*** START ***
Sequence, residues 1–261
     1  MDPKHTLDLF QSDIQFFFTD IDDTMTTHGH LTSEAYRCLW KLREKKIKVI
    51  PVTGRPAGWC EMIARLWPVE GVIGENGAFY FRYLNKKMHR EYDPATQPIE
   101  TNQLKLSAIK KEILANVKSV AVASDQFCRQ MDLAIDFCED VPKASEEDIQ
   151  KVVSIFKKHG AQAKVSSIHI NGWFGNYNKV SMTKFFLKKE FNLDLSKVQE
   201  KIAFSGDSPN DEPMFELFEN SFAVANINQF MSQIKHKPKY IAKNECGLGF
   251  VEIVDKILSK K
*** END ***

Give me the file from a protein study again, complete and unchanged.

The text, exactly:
Sequence, residues 1–261
     1  MDPKHTLDLF QSDIQFFFTD IDDTMTTHGH LTSEAYRCLW KLREKKIKVI
    51  PVTGRPAGWC EMIARLWPVE GVIGENGAFY FRYLNKKMHR EYDPATQPIE
   101  TNQLKLSAIK KEILANVKSV AVASDQFCRQ MDLAIDFCED VPKASEEDIQ
   151  KVVSIFKKHG AQAKVSSIHI NGWFGNYNKV SMTKFFLKKE FNLDLSKVQE
   201  KIAFSGDSPN DEPMFELFEN SFAVANINQF MSQIKHKPKY IAKNECGLGF
   251  VEIVDKILSK K